Monday, August 25, 2014

"I have a dream": Black and White Photographs of Washington, D.C.

"I have a dream that my four little children will one day live in a nation where they will not be judged by the color of their skin but by the content of their character."
Martin Luther King, Jr.

Last week I spent two mornings photographing a few of the iconic monuments in Washington, D.C.  My timing was rather interesting.  Gazing at the likenesses of Abraham Lincoln and Martin Luther King, Jr., one sees how far our country has come in terms freedom, equality and race relations. Sadly, the disturbing recent events in Ferguson, Missouri highlight how far we still have to go.  As these contradictions swirled through my mind, I decided to present my Washington, D.C. photographs in black and white.  

When we hear the term "black and white" we think of opposites. If someone thinks in a "black and white" manner, they are unable to appreciate context and subtlety.  To me, "black and white" photography is somewhat of a misnomer. Often what makes these images interesting or dramatic is the the gradations of gray between the two extremes of black and white.  

These photographs are dedicated to all Americans who continue to struggle for freedom, dignity and equality.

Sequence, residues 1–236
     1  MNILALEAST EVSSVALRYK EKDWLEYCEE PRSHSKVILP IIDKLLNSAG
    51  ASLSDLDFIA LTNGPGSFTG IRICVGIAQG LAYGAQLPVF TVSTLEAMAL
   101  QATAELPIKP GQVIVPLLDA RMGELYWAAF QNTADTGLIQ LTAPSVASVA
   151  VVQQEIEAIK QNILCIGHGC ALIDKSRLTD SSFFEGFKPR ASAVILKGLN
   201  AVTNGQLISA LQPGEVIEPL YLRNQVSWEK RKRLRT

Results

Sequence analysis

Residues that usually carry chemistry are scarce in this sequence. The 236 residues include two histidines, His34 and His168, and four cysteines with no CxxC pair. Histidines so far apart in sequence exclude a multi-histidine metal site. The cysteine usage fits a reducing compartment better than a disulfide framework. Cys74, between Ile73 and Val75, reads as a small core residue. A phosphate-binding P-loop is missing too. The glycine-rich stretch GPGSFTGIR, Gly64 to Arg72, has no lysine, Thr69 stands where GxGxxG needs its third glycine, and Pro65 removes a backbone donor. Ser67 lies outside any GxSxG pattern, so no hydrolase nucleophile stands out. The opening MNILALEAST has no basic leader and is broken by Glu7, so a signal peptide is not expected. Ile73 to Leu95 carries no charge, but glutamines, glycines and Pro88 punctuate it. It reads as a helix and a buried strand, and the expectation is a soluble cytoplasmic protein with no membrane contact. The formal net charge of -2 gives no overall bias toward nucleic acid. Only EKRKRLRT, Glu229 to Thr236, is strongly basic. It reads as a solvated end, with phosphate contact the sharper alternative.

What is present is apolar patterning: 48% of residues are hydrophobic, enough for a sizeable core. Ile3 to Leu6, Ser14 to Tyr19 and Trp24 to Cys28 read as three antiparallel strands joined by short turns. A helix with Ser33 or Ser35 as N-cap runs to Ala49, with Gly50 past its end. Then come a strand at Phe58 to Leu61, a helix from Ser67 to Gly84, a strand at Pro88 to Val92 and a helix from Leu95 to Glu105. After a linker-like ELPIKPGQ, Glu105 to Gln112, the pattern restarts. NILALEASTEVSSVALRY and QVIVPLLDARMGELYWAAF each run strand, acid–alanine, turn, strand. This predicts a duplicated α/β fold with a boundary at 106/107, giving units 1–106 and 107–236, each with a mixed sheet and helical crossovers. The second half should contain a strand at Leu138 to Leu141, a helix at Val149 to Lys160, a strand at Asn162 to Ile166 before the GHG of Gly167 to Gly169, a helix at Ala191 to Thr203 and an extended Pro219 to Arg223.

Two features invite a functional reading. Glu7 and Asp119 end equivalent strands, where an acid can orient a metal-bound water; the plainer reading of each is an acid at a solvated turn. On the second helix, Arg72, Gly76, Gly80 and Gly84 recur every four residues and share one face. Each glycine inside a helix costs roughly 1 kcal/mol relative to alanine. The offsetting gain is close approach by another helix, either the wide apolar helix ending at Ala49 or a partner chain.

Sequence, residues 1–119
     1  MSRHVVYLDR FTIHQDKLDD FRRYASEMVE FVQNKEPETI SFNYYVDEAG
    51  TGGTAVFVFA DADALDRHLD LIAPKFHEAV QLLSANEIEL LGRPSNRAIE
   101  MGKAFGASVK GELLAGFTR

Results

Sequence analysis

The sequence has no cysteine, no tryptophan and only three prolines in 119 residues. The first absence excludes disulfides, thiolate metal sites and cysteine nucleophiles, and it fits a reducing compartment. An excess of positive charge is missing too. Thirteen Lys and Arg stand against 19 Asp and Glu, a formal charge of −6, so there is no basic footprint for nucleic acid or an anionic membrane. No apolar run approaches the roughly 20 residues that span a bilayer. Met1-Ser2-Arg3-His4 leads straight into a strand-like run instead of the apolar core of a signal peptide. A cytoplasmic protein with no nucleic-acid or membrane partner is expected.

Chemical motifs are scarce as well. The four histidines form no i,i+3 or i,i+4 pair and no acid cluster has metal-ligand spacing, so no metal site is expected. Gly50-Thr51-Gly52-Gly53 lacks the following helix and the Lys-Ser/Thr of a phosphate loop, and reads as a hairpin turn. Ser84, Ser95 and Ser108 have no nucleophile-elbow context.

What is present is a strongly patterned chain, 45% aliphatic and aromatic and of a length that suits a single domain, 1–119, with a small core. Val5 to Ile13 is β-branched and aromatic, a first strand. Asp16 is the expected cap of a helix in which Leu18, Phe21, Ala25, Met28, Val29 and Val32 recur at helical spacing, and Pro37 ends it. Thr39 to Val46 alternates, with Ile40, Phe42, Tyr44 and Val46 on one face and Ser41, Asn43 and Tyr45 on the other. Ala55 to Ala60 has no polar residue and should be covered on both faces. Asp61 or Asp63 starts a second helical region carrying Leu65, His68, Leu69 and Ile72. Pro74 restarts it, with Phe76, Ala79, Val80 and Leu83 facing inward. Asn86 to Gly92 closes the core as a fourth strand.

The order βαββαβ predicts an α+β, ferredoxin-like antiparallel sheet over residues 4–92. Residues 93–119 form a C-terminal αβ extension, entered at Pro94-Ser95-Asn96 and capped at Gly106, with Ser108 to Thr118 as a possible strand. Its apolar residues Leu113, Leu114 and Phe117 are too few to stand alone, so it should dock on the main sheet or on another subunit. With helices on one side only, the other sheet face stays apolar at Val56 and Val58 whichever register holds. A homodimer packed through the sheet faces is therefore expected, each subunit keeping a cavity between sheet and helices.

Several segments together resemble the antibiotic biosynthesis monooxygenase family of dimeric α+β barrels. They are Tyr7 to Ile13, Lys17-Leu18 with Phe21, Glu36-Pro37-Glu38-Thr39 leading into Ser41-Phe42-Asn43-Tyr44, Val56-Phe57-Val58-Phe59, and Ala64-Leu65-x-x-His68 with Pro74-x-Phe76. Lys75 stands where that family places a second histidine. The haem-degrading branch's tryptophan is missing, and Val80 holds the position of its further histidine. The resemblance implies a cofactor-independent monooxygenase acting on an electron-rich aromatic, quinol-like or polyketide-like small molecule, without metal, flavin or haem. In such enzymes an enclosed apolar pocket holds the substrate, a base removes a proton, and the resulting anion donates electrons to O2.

Lincoln Memorial
U.S. Capitol at Sunrise
Martin Luther King, Jr. Memorial
Thomas Jefferson Memorial
(seen from MLK Memorial)
Washington Memorial and Capital
(seen from top of Lincoln Memorial)
World War 2 Memorial
Lincoln Memorial
(in Morning Light)
Martin Luther King, Jr. Memorial
Lincoln Memorial
(Just before Sunrise)
Reflecting Pool and Jogger with Reflection of
Washington Monument (Seen from Lincoln Memorial)
World War 2 Memorial:  Freedom Wall
(each star represents 100 Americans who died in the war)
Washington Memorial and Reflecting Pool
(seen from Lincoln Memorial, at Sunrise)


  1. As a resident of Washington, DC, I’ve seen A LOT of photographs of this fair city. These portraits capture the magic, mysticism and storied past and present of the capital with originality and impressive gravitas. Captivating and inspiring collection, Josh ~

  2. Wow, these pictures are wonderful! They do not need any explanation really. They are all so serene, and it works wonderfully with the way the light and the shadow falls.

    1. Thanks for your note and your nice feedback. Part of the serene feeling comes from the fact that I was there very early. For example, I arrived at the Lincoln Memorial at about 5:45 in the morning, well before the throngs of tourists. Its wonderful to have locations like that largely to yourself - Not just to photograph, but to appreciate their meaning and beauty.